Airbus has given its strongest indication yet that a re-engined A320 could be a reality within five years, but has essentially ruled out adopting Pratt & Whitney's PW1000G geared turbofan unless it is offered through the International Aero Engines consortium.
"The more you convince yourself it is 2024 for the next-generation single-aisle, the more you realise you must do something with the existing aircraft," says Airbus's chief salesman John Leahy.
Leahy told Flightglobal at the Dubai air show that Airbus's preferred solution is for any new powerplant to come through the existing A320 family suppliers CFM International and IAE, saying: "It could be CFM's Leap X," which he describes as essentially a successor to the A320's current CFM56, or an IAE (rather than P&W) offering. "It would be extremely doubtful that anything we do wasn't through IAE," Leahy added in Dubai.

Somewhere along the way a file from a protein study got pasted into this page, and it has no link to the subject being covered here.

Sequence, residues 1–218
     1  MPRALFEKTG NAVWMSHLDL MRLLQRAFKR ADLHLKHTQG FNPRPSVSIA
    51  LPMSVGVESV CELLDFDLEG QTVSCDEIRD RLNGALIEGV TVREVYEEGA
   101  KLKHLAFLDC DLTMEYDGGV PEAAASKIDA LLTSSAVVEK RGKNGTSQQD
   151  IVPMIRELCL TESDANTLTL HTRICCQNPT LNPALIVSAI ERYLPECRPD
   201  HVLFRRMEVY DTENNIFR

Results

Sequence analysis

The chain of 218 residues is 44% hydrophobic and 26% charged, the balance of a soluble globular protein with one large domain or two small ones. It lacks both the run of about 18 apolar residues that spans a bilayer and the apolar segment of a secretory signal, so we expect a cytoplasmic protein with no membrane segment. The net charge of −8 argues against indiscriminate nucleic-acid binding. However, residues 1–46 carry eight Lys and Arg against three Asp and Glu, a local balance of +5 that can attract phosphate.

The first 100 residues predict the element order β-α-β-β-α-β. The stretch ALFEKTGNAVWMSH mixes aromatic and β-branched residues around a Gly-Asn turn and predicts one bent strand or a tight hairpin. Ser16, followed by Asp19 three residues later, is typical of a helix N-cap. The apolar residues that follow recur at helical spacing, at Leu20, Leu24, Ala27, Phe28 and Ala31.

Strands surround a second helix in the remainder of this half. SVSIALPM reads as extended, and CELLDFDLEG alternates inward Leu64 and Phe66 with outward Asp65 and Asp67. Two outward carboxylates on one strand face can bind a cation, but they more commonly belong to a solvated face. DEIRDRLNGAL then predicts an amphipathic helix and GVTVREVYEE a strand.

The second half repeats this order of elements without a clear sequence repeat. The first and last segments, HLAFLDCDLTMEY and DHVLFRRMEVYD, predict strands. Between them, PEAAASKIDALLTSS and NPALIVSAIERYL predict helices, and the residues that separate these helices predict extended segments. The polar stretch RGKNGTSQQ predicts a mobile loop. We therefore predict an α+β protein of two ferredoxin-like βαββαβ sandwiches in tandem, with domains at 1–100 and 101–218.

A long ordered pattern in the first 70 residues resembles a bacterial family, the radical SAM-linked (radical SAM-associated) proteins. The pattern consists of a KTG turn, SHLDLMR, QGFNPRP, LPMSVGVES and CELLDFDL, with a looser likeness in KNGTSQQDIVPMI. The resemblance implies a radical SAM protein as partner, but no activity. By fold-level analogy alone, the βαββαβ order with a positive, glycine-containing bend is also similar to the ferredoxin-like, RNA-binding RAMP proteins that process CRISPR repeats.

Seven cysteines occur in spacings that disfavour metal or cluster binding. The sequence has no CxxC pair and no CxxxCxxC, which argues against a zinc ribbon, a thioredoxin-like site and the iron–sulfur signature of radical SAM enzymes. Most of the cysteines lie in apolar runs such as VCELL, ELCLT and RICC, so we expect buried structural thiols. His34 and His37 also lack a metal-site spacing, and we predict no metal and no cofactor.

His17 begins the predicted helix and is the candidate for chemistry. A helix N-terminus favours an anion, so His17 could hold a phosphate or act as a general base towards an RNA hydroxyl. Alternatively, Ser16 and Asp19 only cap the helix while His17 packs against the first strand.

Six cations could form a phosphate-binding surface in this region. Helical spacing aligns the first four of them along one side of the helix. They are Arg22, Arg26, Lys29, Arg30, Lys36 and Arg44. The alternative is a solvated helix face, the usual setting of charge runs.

P&W, which along with Rolls-Royce is a 32.5% shareholder in IAE, confirms that it has held talks with Airbus along with all the other airframers about PW1000G applications. But it adds that its "preference" for Airbus and Boeing's re-engined single-aisle engine requirements "has always been to have IAE as the channel to market. If an IAE approach were not possible, P&W would discuss with the aircraft manufacturers and our technology partners the possibility of the PW1000G engine as a P&W offering."
Leahy believes that an exclusive A320 re-engining deal with "a third engine supplier" would be "absurd", pointing out that this is what Airbus did with P&W when it launched the A318 with the PW6000: "That was exclusive and they couldn't deliver the engine."
P&W declines to comment on whether it has sought such a deal for a GTF-powered A320 development, but IAE confirms that it is in discussion with Airbus about a possible A320 re-engining, covering both enhanced V2500 versions and "any future possibilities".
Airbus is "looking at middle of the next decade" for the likely service entry for any upgraded version, says Leahy, as it is vital engine makers are given a big in-service window - seven to eight years - to ensure any re-engined aircraft is not quickly made obsolete by all-new successors.